Former Afren Bosses to Face Fraud Charges – SFO

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The United Kingdom’s Serious Fraud Office has said it will charge two former executives of collapsed oil company, Afren Plc, with alleged fraud over payments they received through secret companies relating to over $400m business deals in Nigeria.

Afren, an oil and gas exploration and production company once valued at $2.6bn on the stock market, collapsed into administration in July 2015 after it was unable to service heavy debts.

The SFO, in a statement on its website on Tuesday, said the former Chief Executive Officer, Osman Shahenshah, and former Chief Operating Officer, Shahid Ullah, would appear today (Wednesday) at Westminster Magistrates Court charged with two counts of fraud by abuse of position and two counts of money laundering.

It said they “stand accused over payments they received via secret companies they controlled relating to over $400m of Nigeria business deals.”

“The alleged fraud is claimed to have led to the collapse of the $2.6bn oil giant by their administrators, who in related civil claims, are seeking damages in excess of $500m from the defendants and a Nigerian associate,” the SFO stated

The SFO opened its investigation into Afren in June 2015, according to the statement.

Afren sacked its chief executive, chief operating officer and two associate directors after an independent review into unauthorised payments in 2014 found evidence of “gross misconduct”.

In a counterclaim to the administrators’ legal action, Mr Shahenshah has alleged the Afren board knew about the payments from Oriental Resources. He claimed wrongful dismissal and said the scandal had damaged his reputation.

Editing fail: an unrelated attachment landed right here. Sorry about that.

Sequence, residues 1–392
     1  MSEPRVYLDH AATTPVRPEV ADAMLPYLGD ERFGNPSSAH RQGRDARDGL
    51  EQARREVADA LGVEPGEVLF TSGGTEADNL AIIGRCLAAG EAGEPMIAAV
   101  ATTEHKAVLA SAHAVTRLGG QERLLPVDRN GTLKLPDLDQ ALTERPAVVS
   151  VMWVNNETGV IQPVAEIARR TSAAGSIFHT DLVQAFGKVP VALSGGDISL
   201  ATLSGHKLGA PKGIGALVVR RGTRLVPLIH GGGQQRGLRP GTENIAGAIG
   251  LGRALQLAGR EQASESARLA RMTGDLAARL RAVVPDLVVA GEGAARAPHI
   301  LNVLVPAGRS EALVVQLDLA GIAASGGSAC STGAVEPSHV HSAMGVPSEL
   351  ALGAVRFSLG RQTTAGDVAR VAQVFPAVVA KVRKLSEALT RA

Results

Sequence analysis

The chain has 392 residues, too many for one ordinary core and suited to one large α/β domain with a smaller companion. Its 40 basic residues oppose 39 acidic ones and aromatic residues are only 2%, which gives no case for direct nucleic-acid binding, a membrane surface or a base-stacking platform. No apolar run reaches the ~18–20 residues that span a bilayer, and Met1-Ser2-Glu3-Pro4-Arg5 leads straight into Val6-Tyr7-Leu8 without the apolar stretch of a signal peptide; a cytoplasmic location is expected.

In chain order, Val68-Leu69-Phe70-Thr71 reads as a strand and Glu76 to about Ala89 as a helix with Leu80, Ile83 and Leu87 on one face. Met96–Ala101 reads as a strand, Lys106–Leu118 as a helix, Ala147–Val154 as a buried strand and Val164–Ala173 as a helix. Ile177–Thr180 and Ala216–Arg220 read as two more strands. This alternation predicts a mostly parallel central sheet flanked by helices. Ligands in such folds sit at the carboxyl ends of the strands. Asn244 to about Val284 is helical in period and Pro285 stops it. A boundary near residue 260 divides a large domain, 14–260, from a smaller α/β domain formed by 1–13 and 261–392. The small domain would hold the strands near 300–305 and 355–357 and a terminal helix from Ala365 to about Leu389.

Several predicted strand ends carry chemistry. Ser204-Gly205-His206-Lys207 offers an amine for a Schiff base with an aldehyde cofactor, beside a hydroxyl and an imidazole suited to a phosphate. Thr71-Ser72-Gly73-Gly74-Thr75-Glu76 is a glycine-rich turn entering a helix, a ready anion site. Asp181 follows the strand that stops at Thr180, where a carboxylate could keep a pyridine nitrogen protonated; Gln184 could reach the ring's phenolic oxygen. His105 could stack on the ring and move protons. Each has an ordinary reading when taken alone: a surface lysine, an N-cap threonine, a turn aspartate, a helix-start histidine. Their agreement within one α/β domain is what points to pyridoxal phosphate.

The company’s shares lost nearly all of their value after being hit by a slump in oil prices, the dismissal of the top executives and the absence of proven or probable reserves at an oilfield in the Iraqi Kurdistan Region. Afren went into administration in July 2015 after failing to secure support for a vital refinancing and restructuring plan. The SFO opened its investigation into Afren in June 2015.

The review began in July 2014 to determine if three legitimate transactions with Afren’s partners in Nigeria, Oriental Energy Resources Limited and AMNI International Petroleum Development Company Limited, in 2012 and 2013 should have been disclosed to the market.

The review found that Shahenshah and Ullah had agreed with Oriental to receive 15 per cent of the net cash flows that was due to Oriental from the Ebok oil field for five years from 2013 in exchange for $400m in funding by Afren.

Oriental paid $45m in 2013 into a special purpose vehicle owned and controlled by the two top executives, who used the funds to pay bonuses to themselves and selected employees of Afren, the review found.